Last year I manned the phones in a busy London GP practice. The doctors there worked very hard. But what was frustrating was having to tell nearly every caller there were no appointments available for two to three weeks.
We urgently need to make it easier for busy, working people to get an appointment. That means more GPs, so I can today confirm plans to train and retain an extra 5,000 GPs.
But it also means new ways of working. Last year we announced plans for 7.5 million patients to get weekend and 8 till 8 appointments. Today we have also announced we are rolling that out to millions more – meaning this service will be available for a quarter of the whole population. And going even further, I commit that at the end of the next parliament a Conservative government will make sure every NHS patient across the whole country will be able to get weekend and 8 till 8 GP appointments.
But personal care isn’t just about a convenient appointment. It means talking to a doctor who knows about you and your condition.
Astonishingly in 2004 Labour abolished the requirement for every patient to have their own, named, personal GP. At a stroke, many patients were told they no longer had their own GP, but were merely attached to a surgery. And GPs were told they were no longer personally responsible for patients. If you have a chronic condition or complex needs, continuity of care is absolutely vital. You don’t want to have to explain everything about yourself over and over again – and you want a doctor who takes ongoing responsibility for sorting things out – not just that day but every day.
So last year I changed that back for over 75s by insisting they get a GP named on their medical record and responsible for their care. Today I can go further and announce that in the new GP contract for 2015 every single person in England will go back to having a family doctor named on their record and responsible for their care.
Personal care for every NHS patient – delivered by this government. People want personal care. But in the 21st century they want something else. Not just personal care but personal control. People with diabetes, or a heart condition, or recovering from a stroke say the best person to take control of your care is not actually your doctor – it’s you. And right now we make that far too hard. We don’t give people enough information.
So this summer we became the first country in the world to publish detailed information about safety, waiting times, patient experience and food for every major hospital. And on the new MyNHS website we’ll go further.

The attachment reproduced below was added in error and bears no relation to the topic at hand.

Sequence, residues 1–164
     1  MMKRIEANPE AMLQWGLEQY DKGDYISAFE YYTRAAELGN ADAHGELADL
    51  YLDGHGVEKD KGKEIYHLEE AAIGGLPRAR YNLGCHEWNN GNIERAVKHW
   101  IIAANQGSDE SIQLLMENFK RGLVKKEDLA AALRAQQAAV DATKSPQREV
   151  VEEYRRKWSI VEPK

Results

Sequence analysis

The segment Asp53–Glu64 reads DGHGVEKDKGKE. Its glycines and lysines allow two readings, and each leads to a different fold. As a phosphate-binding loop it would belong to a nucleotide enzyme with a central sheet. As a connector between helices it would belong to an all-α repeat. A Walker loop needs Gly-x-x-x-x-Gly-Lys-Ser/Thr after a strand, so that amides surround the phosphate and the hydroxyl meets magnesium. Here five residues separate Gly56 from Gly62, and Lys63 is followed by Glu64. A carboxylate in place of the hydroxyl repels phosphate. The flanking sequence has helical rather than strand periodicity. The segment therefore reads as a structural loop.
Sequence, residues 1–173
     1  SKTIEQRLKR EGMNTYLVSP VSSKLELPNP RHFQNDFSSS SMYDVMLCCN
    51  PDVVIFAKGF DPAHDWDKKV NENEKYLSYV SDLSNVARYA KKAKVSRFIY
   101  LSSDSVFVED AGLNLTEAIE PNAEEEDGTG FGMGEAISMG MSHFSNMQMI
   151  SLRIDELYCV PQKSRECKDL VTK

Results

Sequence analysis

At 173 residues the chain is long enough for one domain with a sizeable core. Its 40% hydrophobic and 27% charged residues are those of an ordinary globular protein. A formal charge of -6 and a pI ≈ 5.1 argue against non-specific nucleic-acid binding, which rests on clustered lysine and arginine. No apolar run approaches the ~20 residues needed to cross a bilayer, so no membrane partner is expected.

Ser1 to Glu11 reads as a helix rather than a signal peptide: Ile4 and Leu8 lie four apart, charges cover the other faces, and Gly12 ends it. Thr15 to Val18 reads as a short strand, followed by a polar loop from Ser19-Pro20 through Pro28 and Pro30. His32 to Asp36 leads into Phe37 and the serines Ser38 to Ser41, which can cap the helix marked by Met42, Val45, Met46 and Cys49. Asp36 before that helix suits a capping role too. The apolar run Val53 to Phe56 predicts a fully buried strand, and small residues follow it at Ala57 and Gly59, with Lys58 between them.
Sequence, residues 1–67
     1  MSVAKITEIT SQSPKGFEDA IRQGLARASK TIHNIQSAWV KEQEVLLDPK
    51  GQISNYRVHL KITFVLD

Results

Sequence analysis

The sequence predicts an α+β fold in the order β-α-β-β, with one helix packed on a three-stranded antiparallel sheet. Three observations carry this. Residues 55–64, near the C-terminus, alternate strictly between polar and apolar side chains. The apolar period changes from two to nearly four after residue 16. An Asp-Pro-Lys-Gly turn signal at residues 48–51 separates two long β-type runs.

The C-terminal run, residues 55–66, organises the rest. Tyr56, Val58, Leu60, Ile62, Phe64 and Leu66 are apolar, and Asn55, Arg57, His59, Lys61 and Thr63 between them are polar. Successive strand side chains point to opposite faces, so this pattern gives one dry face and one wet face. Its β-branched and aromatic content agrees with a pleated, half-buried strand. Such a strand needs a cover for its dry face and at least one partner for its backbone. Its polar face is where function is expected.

But it isn’t just information about your local hospital you want, it’s information about you. So today I can confirm that by April next year, every patient in England will be able to access their own medical record online – the first country in the world to take this huge step. It means you will no longer have to pay to access your medical record. You’ll be able to see it and show it to anyone you choose. You’ll find it easier to do detailed research about your condition and easier to challenge decisions. Because the boss is not the doctor – it’s you. Nothing about me without me. Personal control of your health delivered by this government.
Conference my vision is simple. We in this party have always believed passionately we should honour our debt to previous generations. So I want Britain to be the best country in the world to grow old in. I want us to enjoy the fruits of prosperity, yes, but never forget the people before us who’ve worked hard to make that possible. Never forget that all our success, all our strength, all our wealth as a country is but a hollow dream if at the end of it we are not able to give all our citizens the healthcare and support they need in old age. Never forget that it’s not a choice between a strong economy or a strong NHS. You need both and only one party – this party – can deliver both. A strong NHS. A strong economy. From a Conservative party proudly rebuilding a strong country. Personal care. Personal control. For patients treated with dignity, compassion and respect. Delivered by our party. For our NHS. For our country.